Just spoke to a group of ISPs at the UK Network Operators Forum conference about ORG (Ian spoke about data retention), and from the audience came a very important question. What about Scotland? Scotland has a different legal system, different legislation and its own parliament, so that means a whole different group of people we need to be talking to. We are keen to be inclusive, and didn't intentionally leave Scotland out, but we'll need to find our counterparts there. We are talking to Digital Rights Ireland already, but I am not aware of a similar group in Scotland (or Wales or Northern Ireland, for that matter.) If you know whom I should be talking to, point them out to me. Meantime I shall put some feelers out to try and find the right people.

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September 26, 2005 | Suw Charman Anderson

Briefing for members of the European Parliament on data retention

Privacy International have put together an excellent open letter to all members of the European Parliament, addressing the current proposals on communications traffic data retention. It begins:

Dear Members of the European Parliament, We would like to take this opportunity to address you regarding the current proposals on communications data retention. As you are well aware, both the Council and the Commission have put forward proposals on data retention. It now appears that the policy is finally shifting to the first pillar away from the third. This does not mean that the policy has improved. Despite many edits over the last two years, both the Council and the Commission proposals continue to be invasive, illegal, illusory and illegitimate. These proposals continue to require the collection and logging of every telecommunication transaction of every individual within modern European society. Almost all human conduct in an information society generates traffic data. Therefore traffic data can be used to piece together a detailed picture of human conduct.[1] Under the various proposals, this data will be kept for between six months and four years. There are clear challenges for these proposals with respect to the European Convention on Human Rights, the European Charter on Fundamental Rights and national constitutions. The case still has not been made that retention is necessary in a democratic society.[2] The claimed need for harmonisation is premature at best and challenges democratic process.
The letter, which is well worth reading, has been endorsed by:
  • Association Electronique Libre, Belgium
  • BBA Switzerland
  • Bits of Freedom, the Netherlands
  • Chaos Computer Club, Germany
  • Computer Professionals for Social Responsibility - ES, Spain
  • Digital Rights, Denmark
  • EFFi, Finland
  • Forum InformatikerInnen f

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September 24, 2005 | Suw Charman Anderson

Baroness Sarah Ludford MEP: No justification for data retention

On her website, Baroness Sarah Ludford MEP worries that there has been no serious cost-benefit analysis of the UK's data retention proposalsfor Europe, and calls on other MEPs to question the necessity for such 'sloppy' legislation:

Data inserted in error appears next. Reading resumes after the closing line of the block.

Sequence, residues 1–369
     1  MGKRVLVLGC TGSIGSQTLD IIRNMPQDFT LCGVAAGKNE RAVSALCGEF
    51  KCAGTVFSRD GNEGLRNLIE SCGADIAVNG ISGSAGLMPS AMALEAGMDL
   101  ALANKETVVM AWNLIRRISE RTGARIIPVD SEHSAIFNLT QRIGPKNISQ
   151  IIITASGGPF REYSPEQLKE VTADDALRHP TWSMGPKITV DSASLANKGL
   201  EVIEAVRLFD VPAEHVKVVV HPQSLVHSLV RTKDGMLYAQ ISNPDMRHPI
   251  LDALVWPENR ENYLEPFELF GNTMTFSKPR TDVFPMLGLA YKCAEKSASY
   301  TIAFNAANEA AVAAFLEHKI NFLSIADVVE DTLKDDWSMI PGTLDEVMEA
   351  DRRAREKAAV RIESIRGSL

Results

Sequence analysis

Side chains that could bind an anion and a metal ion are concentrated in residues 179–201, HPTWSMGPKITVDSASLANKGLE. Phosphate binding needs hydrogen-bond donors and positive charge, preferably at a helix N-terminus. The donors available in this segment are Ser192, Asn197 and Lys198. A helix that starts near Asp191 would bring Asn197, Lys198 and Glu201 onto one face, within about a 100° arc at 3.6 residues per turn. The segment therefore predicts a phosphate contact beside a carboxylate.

"[S]torage of everyone's phone, email and website use is costly as well as a massive invasion of privacy and increase in state surveillance, so the threshold for justification is a high one." "I am still worried by the absence of a serious cost-benefit analysis. Assertions are made about the need to keep records for a considerable time, but the evidence is thin. No decent rebuttal has been delivered of the case for a short retention time plus specific 'freezing orders' for communications records of suspects." "Since we will have the leverage to do so now, MEPs must probe the real necessity for invasive measures. Whilst EU-wide cooperation is crucial to stop terrorism and organised crime, Member States should first end cross-border turf wars and actually implement cooperative arrangements they've signed up to."

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September 23, 2005 | Suw Charman Anderson

The implications of wrongful arrest

Yesterday's Guardian ran the story of the wrongful arrest of David Mery on its front page, a story he's written up in a lot more detail on his site.

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September 17, 2005 | Suw Charman Anderson

Mapping the digital rights landscape

A while back, when we first started talking about setting up ORG, I thought it would be a good exercise to explore the existing digital rights landscape in the UK. I wanted to create a mindmap which would allow me to see visually relationships between the various organisations working in this area (even if only very peripherally), and I based my map on work already done by Jo Walsh.

Unfortunately, events overtook me before I got to finish it, as you can see:

UK digital rights landscape

You can get the full-sized image from Flickr.

It really is a very much unfinished work, and I need your help to fill in all the gaps. For each organisation I need the key people, the issues that organisation addresses, and their website URL. Please leave info in the comments, rather than email me directly, so that then everyone can see what's already been found.

Right, over to you!

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September 17, 2005 | Suw Charman Anderson

The Register: Phone cos and rights activists round on Clarke

i was so caught up in the conference I was at last Friday that I entirely failed to notice that we were in The Register, on data retention. As were ETNOA:

The European Telecommunications Network Operators's Association (ETNOA) called on UK Home Secretary Charles Clarke and his fellow ministers to engage in fuller discussions with industry.

Michael Bartholomew, a spokesman for the organisation, said the case for the compulsory retention of communications data had not been proven, and argued that tracking data for unsuccessful calls would be extraordinarily expensive, with operators having to make system changes costing in the region of

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September 14, 2005 | Suw Charman Anderson

Expanding the public domain

A transcript of James Boyle's remarks on the public domain, copyright and Creative Commons, given at the Association of Research Libraries 146th Membership Meeting, May 26 2005. James calls for more evidence-based thinking on intellectual property issues, something that is currently sorely lacking.

Here